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The ERC-Advanced Oncolytic-Herpes project was funded to design and develop oncolytic herpes simplex viruses (HSVs) that are highly cancer-specific and can enter clinical trials. The interest in oncolytic viruses, and, in particular, in oncolytic HSVs has greatly increased following the approval by the Food and Drug Administration (FDA) and the European Medicines Agency (EMA) of the first oncolytic HSV for clinical applications, and because they can be combined with other therapies, in particular with immune checkpoint blockade antibodies (Abs), and thus act as oncolytic immunotherapeutic agents. Our approach to highly cancer-specific oncolytic HSVs consists in the retargeting of the viral tropism to cancer-specific receptors, in our case HER2 (epidermal growth factor receptor 2), a member of the EGFR (epidermal growth factor receptor) family overexpressed in a portion of breast, ovary, stomach, lung, brain cancers. It entails the insertion of single chain antibodies (scFV) to HER2 in appropriate glycoproteins that form the entry apparatus of HSV. The latter is made of glycoprotein D (gD), gH/gL, gB, that are activated in a cascade fashion. Our initial proof-of-concept results indicated that gD accepts the insertion of scFv and enables the generation of HER2-retargeted oncolytic HSVs. We have now expanded our retargeting strategies, and have generated fully retargeted HSVs by insertion of the scFv in appropriate regions of gH, and of gB. The latter is the fusogenic glycoprotein and it was unanticipated that it might serve as the determinant of HSV tropism. Inasmuch we have now available multiple retargeting tools, we have been able to generate double retargeted HSVs. In one application, the viruses were simultaneously retargeted to HER2 and to an artificial receptor that we have expressed in non-cancer cells. This will enable the production of clinical grade o-HSV in non-cancer cells. In a second application, the oncolytic HSV targets simultaneously two different cancer receptors; this widens of spectrum of cancers that can be treated, and enables to contrast the heterogeneity in expression of the cancer receptors.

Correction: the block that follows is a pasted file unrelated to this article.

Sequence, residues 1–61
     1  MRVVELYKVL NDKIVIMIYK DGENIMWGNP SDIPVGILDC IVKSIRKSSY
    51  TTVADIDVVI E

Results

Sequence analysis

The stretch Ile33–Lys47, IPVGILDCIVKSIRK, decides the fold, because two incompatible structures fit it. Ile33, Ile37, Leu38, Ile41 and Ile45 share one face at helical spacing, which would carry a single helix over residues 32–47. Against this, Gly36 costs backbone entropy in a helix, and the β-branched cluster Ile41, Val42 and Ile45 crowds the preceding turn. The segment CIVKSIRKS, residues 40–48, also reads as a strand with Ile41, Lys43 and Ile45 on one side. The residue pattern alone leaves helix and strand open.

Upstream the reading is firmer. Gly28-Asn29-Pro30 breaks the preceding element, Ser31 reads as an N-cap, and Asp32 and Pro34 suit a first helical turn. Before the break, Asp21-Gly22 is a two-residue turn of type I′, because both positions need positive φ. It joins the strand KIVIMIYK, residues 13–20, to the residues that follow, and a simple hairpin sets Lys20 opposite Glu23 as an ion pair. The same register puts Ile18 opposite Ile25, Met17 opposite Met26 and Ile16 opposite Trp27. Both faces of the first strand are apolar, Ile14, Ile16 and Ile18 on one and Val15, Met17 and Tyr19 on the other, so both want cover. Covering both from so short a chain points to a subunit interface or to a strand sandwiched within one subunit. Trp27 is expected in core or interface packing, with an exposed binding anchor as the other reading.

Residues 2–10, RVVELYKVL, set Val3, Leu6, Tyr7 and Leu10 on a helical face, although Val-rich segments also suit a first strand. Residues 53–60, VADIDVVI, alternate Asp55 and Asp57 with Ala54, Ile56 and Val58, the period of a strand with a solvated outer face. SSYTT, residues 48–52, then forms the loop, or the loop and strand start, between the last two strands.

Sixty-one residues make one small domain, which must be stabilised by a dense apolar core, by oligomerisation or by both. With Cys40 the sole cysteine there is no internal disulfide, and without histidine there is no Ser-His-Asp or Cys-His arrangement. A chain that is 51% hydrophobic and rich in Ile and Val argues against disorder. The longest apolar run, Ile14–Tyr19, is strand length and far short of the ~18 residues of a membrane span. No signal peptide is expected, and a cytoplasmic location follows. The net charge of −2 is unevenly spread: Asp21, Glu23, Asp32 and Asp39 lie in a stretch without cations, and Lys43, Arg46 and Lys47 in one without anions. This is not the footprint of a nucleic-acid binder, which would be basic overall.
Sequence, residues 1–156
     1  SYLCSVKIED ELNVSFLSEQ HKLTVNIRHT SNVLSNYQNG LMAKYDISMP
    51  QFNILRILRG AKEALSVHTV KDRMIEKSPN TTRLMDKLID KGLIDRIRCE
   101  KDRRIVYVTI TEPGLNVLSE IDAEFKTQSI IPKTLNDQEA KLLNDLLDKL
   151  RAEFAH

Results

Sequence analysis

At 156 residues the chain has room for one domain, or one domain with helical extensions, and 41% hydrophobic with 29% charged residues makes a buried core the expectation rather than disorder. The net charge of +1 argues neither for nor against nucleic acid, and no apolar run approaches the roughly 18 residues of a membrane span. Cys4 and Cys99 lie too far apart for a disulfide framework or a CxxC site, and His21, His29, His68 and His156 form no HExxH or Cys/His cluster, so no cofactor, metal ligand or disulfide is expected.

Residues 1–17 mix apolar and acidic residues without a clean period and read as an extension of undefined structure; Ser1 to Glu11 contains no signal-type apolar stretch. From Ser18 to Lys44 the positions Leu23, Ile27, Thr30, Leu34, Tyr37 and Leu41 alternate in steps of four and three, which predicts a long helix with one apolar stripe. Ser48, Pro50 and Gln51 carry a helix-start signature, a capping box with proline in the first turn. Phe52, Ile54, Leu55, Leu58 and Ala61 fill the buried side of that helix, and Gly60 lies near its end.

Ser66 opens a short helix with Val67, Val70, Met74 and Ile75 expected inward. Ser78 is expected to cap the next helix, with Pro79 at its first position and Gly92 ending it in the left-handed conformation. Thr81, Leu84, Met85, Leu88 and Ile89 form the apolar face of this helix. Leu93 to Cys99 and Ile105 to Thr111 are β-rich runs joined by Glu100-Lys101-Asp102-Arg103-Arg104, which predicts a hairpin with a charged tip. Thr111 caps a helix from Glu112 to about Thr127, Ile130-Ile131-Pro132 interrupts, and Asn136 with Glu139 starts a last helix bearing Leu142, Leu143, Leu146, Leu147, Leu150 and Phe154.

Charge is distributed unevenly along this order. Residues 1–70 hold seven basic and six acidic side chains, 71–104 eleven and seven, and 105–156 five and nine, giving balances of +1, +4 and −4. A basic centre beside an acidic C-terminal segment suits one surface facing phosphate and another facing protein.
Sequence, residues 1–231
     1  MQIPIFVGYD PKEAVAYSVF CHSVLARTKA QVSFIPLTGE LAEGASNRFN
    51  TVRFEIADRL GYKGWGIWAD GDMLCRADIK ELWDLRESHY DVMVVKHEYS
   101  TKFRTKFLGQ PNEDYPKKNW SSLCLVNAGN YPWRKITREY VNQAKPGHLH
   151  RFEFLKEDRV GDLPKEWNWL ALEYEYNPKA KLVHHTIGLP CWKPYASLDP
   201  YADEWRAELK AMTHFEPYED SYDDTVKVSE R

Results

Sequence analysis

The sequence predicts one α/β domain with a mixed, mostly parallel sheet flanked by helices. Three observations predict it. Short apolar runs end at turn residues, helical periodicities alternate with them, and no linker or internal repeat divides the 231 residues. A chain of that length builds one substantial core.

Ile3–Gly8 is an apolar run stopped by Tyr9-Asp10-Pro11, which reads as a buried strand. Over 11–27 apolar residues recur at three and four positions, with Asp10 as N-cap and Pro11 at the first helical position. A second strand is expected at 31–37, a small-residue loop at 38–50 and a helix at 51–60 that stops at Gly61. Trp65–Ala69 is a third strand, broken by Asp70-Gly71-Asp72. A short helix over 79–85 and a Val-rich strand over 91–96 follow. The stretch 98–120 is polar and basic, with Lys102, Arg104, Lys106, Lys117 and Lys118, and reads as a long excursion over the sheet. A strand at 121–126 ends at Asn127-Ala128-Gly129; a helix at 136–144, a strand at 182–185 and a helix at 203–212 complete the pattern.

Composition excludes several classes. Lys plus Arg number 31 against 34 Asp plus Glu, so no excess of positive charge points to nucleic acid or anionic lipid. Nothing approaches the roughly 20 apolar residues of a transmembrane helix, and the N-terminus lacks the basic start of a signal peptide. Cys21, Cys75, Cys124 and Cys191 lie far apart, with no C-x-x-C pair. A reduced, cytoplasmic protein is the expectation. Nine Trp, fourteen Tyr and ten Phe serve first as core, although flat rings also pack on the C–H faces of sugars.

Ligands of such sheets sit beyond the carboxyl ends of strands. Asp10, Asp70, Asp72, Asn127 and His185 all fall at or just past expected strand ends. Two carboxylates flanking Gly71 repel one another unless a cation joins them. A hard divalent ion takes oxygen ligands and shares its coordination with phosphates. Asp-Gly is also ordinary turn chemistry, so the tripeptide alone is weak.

As mentioned, much of the current interest is in the development of oncolytic-immunotherapeutic viruses. To this aim, we have armed the HER2-retargeted oncolytic HSV with cytokines, such as IL-12, or immune checkpoint blockers, such as a scFv to PD-L1. Given the large genome capacity of HSV genome, these molecules can be expressed simultaneously by a same oncolytic HSV. To test the anti-cancer therapeutic effects of these oncolytic HSVs, we have developed mouse model systems. Because the HSVs are retargeted to the huHER2, mice need to be transgenic, hence tolerant to huHER2. We have now available two such murine models, from different mouse strains, and the respective murine cancer cell lines; even the latter are transgenic for huHER2.
A critical issue is whether the retargeted oncolytic HSVs can be administered by a systemic route so that they can reach metastatic disease. We have developed a strategy based on carrier cells whereby the retargeted oncolytic HSV can target and exert therapeutic effect on lung and brain metastatic disease of breast and ovary HER2-positive cancers.
Finally, the retargeting strategy developed in our laboratory enabled us to target additional cancer receptors, including EGFR, the gliobastoma variant EGFRvIII, PSMA (prostate-specific membrane antigen). These viruses are being assayed for efficacy in appropriate preclinical systems, including glioblastoma and prostate cancer models.
Together, our results have paved the way for the successful translation of the retargeted oncolytic HSVs to clinical trials.